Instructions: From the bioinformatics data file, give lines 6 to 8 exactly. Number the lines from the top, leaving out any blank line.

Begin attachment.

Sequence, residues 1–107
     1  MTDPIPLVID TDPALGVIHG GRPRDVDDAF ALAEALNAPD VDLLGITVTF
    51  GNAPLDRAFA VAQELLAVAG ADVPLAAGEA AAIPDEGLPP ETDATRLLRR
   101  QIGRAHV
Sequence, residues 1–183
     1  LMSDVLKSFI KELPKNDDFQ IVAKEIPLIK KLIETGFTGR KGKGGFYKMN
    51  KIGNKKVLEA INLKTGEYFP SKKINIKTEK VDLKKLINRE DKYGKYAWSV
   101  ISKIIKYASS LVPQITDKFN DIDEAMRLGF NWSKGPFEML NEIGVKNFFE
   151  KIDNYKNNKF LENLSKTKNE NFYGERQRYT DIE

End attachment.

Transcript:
     1  LMSDVLKSFI KELPKNDDFQ IVAKEIPLIK KLIETGFTGR KGKGGFYKMN
    51  KIGNKKVLEA INLKTGEYFP SKKINIKTEK VDLKKLINRE DKYGKYAWSV
   101  ISKIIKYASS LVPQITDKFN DIDEAMRLGF NWSKGPFEML NEIGVKNFFE